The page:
Review: ‘The Artist’s Wife,’ a satisfying if uneven portrait of a marriage

Bruce Dern and Lena Olin star in the movie "The Artist's Wife."
(Strand Releasing)

“He’s not an easy man, but he’s worth knowing,” says Claire Smythson (Lena Olin) of her famous painter-husband, Richard (Bruce Dern), in the uneven drama “The Artist’s Wife.” Unfortunately, the screenplay by director Tom Dolby, Nicole Brending and Abdi Nazemian makes a weak case for the “worth knowing” part of Claire’s assertion, largely portraying the elderly Richard as an erratic, narcissistic bully (and perhaps the world’s worst art teacher) — and not just because of the encroaching dementia that’s erasing his creative and mental canvas.

We also rarely get much sense of why he’s considered such a lauded and brilliant artist, something that could have helped paint a deeper, more captivating picture of this aging lion. Dern, relying on his usual bedraggled anger and toothy slyness, makes the most of the broad strokes he’s given to work with, but it’s an often thankless role for the acting vet.

That said, a sensitive turn by Olin combined with the script’s nicely delineated take on her long-suffering, creatively thwarted lead character, makes the film, set mainly in Long Island’s tony East Hampton, an absorbing, at times moving look at a woman caught between her own artistic and emotional desires and her devotion to a man who doesn’t seem to deserve her. (Viewers may notice echoes of the Glenn Close-Jonathan Pryce dynamic that fueled 2018’s well-regarded “The Wife.”)


Although Richard accuses Claire of only being happy if she has “something to fix” (read: “someone”) — vividly borne out by her valiant efforts to reunite a resistant Richard with Angela (Juliet Rylance), his estranged daughter from a previous wife, and Angela’s young son, Diego (Ravi Cabot-Conyers) — she eventually manages to joyfully reconnect with the painterly ambitions she left behind years ago to tend to Richard and his work.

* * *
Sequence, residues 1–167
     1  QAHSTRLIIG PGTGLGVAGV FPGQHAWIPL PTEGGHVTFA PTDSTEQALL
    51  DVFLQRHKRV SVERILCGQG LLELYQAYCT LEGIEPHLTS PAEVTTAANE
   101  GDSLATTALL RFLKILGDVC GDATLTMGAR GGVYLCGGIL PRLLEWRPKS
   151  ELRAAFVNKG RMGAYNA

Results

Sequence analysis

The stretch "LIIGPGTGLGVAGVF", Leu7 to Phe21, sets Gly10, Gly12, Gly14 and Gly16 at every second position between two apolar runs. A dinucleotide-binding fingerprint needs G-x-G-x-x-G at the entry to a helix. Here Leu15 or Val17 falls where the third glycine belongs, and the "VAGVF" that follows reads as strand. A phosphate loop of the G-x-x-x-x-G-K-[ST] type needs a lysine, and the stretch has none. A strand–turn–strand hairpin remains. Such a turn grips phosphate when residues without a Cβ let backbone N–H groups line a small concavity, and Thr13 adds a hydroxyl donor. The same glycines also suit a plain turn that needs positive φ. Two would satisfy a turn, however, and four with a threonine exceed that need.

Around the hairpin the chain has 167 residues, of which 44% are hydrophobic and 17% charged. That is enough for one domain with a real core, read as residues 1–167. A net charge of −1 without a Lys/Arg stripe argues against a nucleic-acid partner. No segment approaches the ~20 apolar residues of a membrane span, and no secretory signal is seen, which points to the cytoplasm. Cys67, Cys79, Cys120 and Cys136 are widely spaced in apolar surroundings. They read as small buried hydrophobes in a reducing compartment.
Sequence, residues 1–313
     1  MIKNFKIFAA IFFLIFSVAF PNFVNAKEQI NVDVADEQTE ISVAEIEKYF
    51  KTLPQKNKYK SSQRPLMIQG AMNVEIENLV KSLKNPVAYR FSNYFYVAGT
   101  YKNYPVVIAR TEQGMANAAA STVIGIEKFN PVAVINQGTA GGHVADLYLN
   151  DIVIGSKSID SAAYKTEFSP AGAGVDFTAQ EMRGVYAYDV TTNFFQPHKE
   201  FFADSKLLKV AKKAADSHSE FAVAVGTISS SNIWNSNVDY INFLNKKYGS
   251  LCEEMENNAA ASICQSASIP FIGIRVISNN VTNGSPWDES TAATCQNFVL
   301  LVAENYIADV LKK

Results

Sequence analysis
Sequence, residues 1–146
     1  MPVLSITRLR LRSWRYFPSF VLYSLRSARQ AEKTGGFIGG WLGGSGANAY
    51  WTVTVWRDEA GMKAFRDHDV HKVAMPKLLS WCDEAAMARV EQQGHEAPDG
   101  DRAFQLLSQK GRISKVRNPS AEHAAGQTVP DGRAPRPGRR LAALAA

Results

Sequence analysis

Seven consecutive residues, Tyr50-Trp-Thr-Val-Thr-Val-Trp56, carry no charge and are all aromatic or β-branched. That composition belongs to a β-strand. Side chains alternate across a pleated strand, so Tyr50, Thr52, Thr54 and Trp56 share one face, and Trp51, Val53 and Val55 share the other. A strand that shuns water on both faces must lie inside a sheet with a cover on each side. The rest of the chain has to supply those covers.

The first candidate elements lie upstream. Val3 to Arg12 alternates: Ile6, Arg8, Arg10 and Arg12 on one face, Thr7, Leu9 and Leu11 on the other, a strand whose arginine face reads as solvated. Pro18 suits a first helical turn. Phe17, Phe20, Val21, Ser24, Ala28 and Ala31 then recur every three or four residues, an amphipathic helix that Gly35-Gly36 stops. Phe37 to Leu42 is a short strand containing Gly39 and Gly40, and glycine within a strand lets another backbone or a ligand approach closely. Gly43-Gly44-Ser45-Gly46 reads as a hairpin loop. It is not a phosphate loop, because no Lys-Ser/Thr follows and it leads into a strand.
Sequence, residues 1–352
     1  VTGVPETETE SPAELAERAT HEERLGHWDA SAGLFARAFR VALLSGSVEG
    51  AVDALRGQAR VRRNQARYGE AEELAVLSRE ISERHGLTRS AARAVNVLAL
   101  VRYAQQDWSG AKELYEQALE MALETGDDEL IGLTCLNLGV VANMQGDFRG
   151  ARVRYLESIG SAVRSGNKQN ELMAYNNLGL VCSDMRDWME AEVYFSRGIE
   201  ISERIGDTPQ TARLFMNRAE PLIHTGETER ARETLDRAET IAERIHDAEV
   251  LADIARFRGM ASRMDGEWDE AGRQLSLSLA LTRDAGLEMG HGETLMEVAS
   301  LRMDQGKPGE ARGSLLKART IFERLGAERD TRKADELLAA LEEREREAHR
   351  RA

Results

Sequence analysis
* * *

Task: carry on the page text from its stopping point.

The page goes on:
That this wave of free-spirited expression leads Claire to a flirtation with Diego’s appealing male nanny (Avan Jogia) proves a bit forced, but Dolby handles the interlude with grace.

Claire’s artistic renaissance ultimately plays out in a way that, if contrived, remains narratively satisfying given Claire’s deeply felt approach to a thorny choice she must make on Richard’s behalf.

Tonya Pinkins offers warm ebullience as Richard’s longtime agent, while an eternally gorgeous Stefanie Powers appears as a flamboyant art legend. Suffice to say, TV’s erstwhile Mrs. Hart reveals more than just an amusing Italian accent in her brief role.

'The Artist’s Wife'

Rated: R, for language, some graphic nudity and brief sexuality

Running time: 1 hour, 36 minutes

Playing: Available via Laemmle virtual cinema; also on VOD